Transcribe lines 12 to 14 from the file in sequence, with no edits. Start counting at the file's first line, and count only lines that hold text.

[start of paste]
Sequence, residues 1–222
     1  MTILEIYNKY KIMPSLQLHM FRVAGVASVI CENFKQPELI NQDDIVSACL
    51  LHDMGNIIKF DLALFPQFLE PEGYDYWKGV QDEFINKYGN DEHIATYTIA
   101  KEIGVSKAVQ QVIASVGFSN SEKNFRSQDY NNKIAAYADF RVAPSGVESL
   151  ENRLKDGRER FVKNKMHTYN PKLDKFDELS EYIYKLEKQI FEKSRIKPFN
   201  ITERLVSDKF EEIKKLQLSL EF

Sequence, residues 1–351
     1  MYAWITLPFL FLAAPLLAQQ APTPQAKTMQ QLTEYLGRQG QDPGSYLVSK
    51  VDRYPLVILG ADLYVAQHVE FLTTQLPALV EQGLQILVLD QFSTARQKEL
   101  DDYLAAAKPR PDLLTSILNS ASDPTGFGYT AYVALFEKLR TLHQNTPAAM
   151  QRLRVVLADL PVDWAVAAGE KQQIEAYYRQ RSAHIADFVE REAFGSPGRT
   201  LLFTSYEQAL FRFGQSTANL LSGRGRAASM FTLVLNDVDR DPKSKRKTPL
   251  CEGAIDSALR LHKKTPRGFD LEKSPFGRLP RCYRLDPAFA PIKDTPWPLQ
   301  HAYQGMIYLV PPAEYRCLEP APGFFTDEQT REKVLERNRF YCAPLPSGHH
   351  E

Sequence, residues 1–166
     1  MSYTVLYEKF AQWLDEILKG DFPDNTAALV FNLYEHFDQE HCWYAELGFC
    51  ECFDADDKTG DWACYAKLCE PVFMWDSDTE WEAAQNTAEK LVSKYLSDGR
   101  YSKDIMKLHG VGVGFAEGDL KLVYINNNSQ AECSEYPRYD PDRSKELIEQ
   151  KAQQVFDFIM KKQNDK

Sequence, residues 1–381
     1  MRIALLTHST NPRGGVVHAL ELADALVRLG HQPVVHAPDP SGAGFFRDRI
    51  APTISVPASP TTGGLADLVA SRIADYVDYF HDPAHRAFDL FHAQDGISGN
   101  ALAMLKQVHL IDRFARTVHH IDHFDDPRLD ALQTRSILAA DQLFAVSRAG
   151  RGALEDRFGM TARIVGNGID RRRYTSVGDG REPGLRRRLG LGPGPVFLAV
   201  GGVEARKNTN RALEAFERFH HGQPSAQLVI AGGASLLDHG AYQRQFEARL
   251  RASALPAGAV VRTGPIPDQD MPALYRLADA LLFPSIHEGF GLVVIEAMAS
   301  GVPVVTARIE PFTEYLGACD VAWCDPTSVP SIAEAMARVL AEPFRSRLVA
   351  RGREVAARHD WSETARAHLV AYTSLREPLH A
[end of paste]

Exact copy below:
   201  LLFTSYEQAL FRFGQSTANL LSGRGRAASM FTLVLNDVDR DPKSKRKTPL
   251  CEGAIDSALR LHKKTPRGFD LEKSPFGRLP RCYRLDPAFA PIKDTPWPLQ
   301  HAYQGMIYLV PPAEYRCLEP APGFFTDEQT REKVLERNRF YCAPLPSGHH